Fear(s) Of The Dark Movie Review: Head Horrors

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While simulated spooky fare in movies may get a big boost from devilishly applied special effects, animated horror has the advantage of the unlimited possibilities of moving closer to the imaginary terrors that reside inside our heads. And Fear(s) Of The Dark, an international collection of six stories by ten animation artists, and arriving just in time for Halloween, digs deep into the scariest recesses of the mind, but with mixed results.

The somber vignettes are connected by several intertwining narrative threads that course through the other stories, but more with their own internal logic than any contributing clarity or impact on the production as a whole. One is quite an effective historically metaphorical macabre Blutch creation, featuring what seems like a French Revolutionary era aristocrat walking a pack of unruly attack dogs, which he gleefully lets loose on the common people one by one.

The other is Pierre Di Sciullo’s abstract twirling graphic collage accompanied by a female voiceover, and addressing more psychological but no less troubling torments in the real world in present times, including fear of mankind, of war, and political fears, not to mention the dread of one’s assigned identity as ‘unredeemingly bourgeois’ and its connection to ‘being scared of never being useful.’ That personal dread as absence defined in terms of the negative, and the emptiness of existence, is an intriguing addition to the notion of deep-seated human horror.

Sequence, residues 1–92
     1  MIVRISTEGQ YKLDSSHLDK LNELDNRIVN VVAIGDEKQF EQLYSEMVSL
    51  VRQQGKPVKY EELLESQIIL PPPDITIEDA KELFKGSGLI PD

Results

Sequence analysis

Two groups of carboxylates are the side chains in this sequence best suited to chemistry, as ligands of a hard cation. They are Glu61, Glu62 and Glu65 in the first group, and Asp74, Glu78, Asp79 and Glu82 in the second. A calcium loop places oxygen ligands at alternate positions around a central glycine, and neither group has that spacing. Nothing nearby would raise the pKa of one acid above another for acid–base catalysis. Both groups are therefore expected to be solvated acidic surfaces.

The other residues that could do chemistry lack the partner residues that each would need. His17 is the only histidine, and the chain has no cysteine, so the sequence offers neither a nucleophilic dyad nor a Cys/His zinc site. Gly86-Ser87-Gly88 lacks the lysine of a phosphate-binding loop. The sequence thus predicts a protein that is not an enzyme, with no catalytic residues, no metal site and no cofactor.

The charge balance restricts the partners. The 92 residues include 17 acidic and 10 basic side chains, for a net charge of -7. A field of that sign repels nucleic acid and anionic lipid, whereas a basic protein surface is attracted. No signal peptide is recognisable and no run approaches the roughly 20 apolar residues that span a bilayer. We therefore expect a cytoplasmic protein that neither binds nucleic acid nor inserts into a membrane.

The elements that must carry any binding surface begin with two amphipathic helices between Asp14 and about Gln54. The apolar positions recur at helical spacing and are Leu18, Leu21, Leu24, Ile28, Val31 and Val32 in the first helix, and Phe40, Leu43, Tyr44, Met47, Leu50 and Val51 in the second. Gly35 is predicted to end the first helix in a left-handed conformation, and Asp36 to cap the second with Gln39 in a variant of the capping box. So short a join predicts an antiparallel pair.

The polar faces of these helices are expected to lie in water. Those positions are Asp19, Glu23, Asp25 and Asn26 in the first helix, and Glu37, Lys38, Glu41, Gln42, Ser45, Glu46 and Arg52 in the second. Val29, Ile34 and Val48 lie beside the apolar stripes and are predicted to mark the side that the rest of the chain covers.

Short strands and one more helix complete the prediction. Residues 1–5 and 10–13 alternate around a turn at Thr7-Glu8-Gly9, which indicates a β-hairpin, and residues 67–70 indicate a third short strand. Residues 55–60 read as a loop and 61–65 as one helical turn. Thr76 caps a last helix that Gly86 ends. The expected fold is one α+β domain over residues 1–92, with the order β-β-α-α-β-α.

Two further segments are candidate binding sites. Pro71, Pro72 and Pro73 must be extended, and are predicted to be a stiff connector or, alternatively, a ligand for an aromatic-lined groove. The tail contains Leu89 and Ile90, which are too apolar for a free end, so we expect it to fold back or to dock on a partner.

Fears

While some of the vignettes are far more whimsical than scary when not merely stagnant in nature, the more conventionally crafted tale by Charles Burns stands out as most chilling, both for its eerie and taut storytelling, and the fact that the ill-fated protagonist is voiced by actor Guillaume Depardieu, the young son of French screen legend Gerard Depardieu, who in a real life horror that casts a shadow of its own over this production, died suddenly and tragically last week, succumbing to pneumonia. Depardieu is the solemn voice of a withdrawn young French college student, who in a highly creepy twist of fate, is imprisoned by a pet insect he kept in a bottle as a child, and who takes power over his now human plaything, through the persona of a suspiciously far too horny college coed.

Guillaume Depardieu, RIP.

IFC Films

Unrated

2 1/2 stars